The report points out too, that with further technical developments backed by standards, investment incentives and training for technicians and workers, the introduction of alternatives to climate-damaging HFCs could be accelerated and fast-tracked.
UNEP’s new report states though, that the contribution of HFCs to climate forcing is currently less than one per cent of all greenhouse gases.
It however warns that the levels of HFCs are rising as they replace HCFCs such as HFC 134a, the most popular type, which has increased in the atmosphere by about 10 per cent per year since 2006.
Though phased out, used old CFC fridges are still common in Ghana
Further, the report projects the consumption of HFCs to exceed the peak consumption levels in the 1980s of the old, now fully phased-out CFCs, due to rising demand in emerging economies and a global population now above seven billion.
According to the UNEP study, although the phase-out and phase-down of CFCs and HCFCs since the late 1980s has reduced greenhouse gas emissions by around 8 Gt C02eq annually and reduced damage to the ozone layer,  without action, the increasing use of HFCs could add annual greenhouse gas emissions of between 3.5 and 8.8 Gt C02 eq by 2050, and thus undo the large climate benefits scored by the phase out of CFCs and HCFCs since the late 1980s.
HFCs are, along with CO2, methane and other gases, controlled under the UN’s Framework Convention for Combating Climate Change and its Kyoto Protocol, while  measures to protect the ozone layer are carried out under the Montreal Protocol on Substances that Deplete the Ozone Layer.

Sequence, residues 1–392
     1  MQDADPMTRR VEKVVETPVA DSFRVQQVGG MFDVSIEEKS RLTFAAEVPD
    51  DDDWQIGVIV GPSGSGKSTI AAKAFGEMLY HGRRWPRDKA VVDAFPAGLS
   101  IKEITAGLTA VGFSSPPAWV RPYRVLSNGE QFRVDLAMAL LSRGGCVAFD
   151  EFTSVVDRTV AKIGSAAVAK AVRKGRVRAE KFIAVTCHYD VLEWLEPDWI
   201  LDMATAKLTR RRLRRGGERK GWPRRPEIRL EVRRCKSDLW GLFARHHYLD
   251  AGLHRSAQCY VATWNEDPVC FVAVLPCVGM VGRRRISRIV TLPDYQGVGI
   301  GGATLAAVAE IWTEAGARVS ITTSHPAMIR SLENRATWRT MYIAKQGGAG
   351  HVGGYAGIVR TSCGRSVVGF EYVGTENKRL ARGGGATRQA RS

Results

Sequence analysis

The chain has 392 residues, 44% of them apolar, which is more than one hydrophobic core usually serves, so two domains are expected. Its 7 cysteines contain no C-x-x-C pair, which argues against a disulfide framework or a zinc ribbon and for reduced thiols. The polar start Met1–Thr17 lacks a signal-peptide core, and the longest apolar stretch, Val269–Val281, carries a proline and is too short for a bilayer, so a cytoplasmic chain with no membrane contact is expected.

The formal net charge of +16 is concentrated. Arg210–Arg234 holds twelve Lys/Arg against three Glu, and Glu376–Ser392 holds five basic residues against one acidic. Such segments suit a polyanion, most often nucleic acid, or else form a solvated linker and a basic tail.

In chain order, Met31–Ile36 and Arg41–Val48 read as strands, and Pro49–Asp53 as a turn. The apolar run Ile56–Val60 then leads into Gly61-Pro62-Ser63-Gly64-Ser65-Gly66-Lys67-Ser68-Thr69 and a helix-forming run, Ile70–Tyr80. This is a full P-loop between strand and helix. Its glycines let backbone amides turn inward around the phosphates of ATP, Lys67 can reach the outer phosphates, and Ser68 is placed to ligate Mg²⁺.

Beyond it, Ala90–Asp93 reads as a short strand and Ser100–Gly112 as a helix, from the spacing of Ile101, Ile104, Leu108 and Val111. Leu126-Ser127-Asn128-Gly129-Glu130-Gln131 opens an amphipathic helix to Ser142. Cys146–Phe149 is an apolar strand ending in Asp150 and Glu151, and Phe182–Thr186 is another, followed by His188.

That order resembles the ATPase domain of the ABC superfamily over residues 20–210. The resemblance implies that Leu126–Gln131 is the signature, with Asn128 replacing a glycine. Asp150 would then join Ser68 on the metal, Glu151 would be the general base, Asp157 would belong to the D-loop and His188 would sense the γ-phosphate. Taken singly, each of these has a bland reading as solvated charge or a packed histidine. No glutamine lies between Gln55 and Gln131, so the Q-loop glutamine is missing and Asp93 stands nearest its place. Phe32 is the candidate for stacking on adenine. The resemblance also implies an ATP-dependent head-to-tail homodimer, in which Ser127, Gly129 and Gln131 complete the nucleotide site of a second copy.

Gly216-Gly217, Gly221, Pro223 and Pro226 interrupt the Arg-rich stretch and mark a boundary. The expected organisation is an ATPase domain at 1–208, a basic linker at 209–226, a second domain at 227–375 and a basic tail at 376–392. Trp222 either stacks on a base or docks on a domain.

UNEP’s Executive Director thus opines; “Cooperative action between these treaties may be the key to fast action on HFCs, assisting to maintain momentum on recovering the ozone layer while simultaneously reducing risks of accelerated climate change.”
The second report, Bridging the Gap: An Assessment, which outlines the gap between the commitments and pledges of countries versus where emissions need to be by around 2020 in order to keep a global temperature rise under 2 Degrees Celsius was launched on 23 November 23, 2011, in London, in collaboration with international climate modelling centres.
A report that outlines a package of 16 measures which could reduce global warming, avoid millions of premature deaths and reduce global crop yield losses by tackling black carbon, methane and ground-level ozone - substances known as short-term climate forcers, will also be launched on Friday November 25, 2011 by UNEP in collaboration with researchers.

Local communities in West Africa to get more benefits from dams


A section of Ghana's Akosombo Dam

A study into how large dams in West Africa have affected local people has identified ways to share the benefits of future dams more equitably and create development opportunities for communities.